Rent, a new rock-opera, just transferred from the 150-seat New York Theater Workshop to the 1,180-seat Nederlander, now plays, according to the weekly grosses given in Variety, to 101.9 per cent. A freak hit, Rent's success can be attributed to the fact that it taps into two very powerful showbiz stories.
The first is La Boheme. Jonathan Larson, who wrote the book, music and lyrics, bases his musical on Puccini, who in turn based his opera on Henri Murger's Scenes de la Vie de Boheme. The Latin Quarter of Paris in the 1830s becomes the Lower East Side of Manhattan in the 1990s. With quite a few extra problems. Marcello, the painter, becomes Mark, the videographer, worrying about whether to sell out to tabloid TV. Mimi, the seamstress who has TB, becomes Mimi, the dancer at a sadomasochist club who is an HIV- positive heroin addict. Schaunard, the musician, becomes Angel, the transvestite street drummer, who is HIV-positive. Rodolpho, the poet and playwright, becomes Roger, the punk singer, who is HIV-positive. And so on.
The second showbiz story (also a tragedy) is about the artist who dies on the eve of great success. Famously, Gower Champion, the director and choreographer of 42nd Street, died the day that show opened on Broadway (25 August 1980). He won two Tonys, posthumously, for best director and best choreographer. This latest version is more extreme. Jonathan Larson worked as a waiter at the Moondance Diner in Greenwich Village, shared a dingy walk-up loft with two flatmates and had a simple, if grand, ambition to write a rock-opera that reunited popular music with theatre and had characters on-stage who resembled the sort of people he knew. This he achieved. Sadly, after the dress rehearsal for the off-Broadway production, Larson, who had been complaining of chest pains, suffered an aortic aneurysm. His death, aged 35, made Rent a front-page story.
The ironies might have been scripted in advance. Premature death dominates Rent. Act Two opens with the entire company singing "Seasons of Love" about the amount of time you have left when you only have a year to live ("Five hundred twenty-five thousand / Six hundred minutes"). Writing for posterity is a big theme too. When Rent begins, the singer Roger is recovering from his girlfriend's suicide (yes, she too was HIV-positive). His first number is "One Song Glory": "One song / Glory / One song before I go / Glory / One song to leave behind."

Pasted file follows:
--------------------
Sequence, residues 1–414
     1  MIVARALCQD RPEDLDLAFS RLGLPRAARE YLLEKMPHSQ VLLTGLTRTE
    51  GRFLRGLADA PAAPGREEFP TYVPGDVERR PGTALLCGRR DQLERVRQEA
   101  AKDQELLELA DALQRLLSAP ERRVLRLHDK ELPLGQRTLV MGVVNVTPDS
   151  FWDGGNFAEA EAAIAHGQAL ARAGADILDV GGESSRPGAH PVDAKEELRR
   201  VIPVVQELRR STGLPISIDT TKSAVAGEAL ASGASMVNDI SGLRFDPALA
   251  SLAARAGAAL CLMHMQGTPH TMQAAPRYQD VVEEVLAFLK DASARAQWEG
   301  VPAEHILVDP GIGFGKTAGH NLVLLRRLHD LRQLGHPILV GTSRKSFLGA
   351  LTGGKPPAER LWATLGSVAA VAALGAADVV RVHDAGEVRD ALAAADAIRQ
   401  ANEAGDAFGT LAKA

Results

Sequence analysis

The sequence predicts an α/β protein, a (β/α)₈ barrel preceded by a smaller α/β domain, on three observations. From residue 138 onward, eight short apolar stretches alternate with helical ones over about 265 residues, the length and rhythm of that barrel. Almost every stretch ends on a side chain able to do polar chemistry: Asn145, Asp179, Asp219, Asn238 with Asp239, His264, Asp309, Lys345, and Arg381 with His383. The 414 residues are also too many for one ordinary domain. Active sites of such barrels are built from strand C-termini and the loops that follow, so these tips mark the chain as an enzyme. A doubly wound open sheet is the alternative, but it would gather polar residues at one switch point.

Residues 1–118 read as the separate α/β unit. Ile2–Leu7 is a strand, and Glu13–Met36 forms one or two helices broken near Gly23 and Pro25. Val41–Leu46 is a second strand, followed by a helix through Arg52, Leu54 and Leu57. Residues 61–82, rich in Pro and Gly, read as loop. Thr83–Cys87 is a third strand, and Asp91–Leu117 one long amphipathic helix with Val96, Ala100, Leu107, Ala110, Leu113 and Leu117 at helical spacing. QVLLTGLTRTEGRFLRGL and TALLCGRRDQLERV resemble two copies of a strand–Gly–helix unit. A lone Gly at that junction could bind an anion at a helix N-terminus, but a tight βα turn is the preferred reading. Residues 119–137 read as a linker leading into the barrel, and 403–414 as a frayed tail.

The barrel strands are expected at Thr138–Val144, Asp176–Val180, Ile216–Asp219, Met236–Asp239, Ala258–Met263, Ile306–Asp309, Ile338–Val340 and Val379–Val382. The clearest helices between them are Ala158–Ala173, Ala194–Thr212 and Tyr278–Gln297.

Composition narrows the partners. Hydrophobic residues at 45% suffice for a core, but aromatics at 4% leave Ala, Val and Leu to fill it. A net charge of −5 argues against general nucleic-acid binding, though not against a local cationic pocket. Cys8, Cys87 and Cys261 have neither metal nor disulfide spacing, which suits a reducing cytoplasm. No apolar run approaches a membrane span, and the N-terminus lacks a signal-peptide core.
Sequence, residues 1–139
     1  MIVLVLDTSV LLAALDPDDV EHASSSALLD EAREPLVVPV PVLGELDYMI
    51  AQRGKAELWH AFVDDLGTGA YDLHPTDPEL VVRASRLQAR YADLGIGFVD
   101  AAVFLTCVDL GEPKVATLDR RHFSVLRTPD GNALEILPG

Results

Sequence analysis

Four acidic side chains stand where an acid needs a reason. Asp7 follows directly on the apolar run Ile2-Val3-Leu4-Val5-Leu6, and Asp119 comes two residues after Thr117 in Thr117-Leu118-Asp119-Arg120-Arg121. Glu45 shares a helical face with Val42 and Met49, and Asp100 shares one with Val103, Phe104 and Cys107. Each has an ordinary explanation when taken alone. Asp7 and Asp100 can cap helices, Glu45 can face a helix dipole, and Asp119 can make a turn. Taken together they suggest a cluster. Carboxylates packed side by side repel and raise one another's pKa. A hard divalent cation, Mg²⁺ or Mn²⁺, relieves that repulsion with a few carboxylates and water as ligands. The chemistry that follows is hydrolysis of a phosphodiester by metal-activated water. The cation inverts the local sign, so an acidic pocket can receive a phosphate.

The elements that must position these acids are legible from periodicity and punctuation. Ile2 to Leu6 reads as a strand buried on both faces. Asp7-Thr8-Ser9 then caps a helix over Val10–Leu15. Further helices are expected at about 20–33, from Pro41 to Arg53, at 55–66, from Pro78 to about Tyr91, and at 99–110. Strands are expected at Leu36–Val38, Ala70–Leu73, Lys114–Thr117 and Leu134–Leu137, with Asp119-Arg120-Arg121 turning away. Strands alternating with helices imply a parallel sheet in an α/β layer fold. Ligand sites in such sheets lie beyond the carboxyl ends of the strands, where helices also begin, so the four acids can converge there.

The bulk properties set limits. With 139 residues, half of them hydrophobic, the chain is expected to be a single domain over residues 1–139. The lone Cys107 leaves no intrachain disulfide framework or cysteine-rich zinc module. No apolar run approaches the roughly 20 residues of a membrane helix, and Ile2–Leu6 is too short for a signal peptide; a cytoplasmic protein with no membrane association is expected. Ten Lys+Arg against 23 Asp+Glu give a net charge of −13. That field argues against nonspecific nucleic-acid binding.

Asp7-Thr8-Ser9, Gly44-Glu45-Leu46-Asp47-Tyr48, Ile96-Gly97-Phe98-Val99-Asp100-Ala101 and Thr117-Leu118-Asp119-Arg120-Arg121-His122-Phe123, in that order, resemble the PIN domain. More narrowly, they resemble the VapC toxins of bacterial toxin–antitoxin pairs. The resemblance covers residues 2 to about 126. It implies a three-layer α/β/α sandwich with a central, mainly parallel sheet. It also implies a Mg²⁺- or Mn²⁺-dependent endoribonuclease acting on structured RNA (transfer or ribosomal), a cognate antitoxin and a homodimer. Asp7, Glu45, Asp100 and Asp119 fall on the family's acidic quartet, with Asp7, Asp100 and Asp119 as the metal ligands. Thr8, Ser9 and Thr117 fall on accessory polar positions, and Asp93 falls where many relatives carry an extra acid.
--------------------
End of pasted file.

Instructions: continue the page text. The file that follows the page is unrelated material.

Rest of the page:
In Rent, Larson leaves more than 30 songs behind: Broadway songs, rock songs, operatic arias and gospel numbers. The cast album will be produced by David Geffen in August, who predicts that later when the songs are covered by well-known singers there will be four or five hit singles. As well as the 30-odd songs, Rent has eight different storylines. This is its problem. Watching the show, when you do finally get a ticket, seems more like viewing a collage than experiencing a dramatically engaging musical. All the emotion is there, but it's all over the place. Rent emerges as a kind of community play for New York bohemia. The references here are to AZT, T-cells, Alphabet City, Sontag and Sondheim. It makes little concession to a wider world. Even the landlord in Rent wants to turn his property into a cyber studio. Rent revels in a kind of group solipsism, characterised by Angel's lines: "It's a comfort to know / When you're singing the hit the road blues / That anywhere else you could possibly go / After New York 'd be a pleasure cruise."
One hesitates to list the number of places in the world which could never be called a pleasure cruise. This fortress mentality is one reason why Rent may not do as well on tour as it does in Manhattan. When it transfers to London it won't benefit from the surge of emotion that followed Larson's death. But the album will be out (the score is better than the book), and if the producers are clever they will choose a stark, unconventional theatre space that mirrors the play's hip, grungy atmosphere. Then it may be an event here too.